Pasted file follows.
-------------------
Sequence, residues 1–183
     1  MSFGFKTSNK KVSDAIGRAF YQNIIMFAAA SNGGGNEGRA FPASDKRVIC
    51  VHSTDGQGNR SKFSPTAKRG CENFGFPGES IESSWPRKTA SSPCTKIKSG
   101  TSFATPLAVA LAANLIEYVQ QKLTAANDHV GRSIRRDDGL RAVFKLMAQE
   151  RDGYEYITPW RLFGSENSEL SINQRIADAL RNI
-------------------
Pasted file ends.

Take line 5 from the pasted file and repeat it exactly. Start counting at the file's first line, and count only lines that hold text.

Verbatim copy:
   151  RDGYEYITPW RLFGSENSEL SINQRIADAL RNI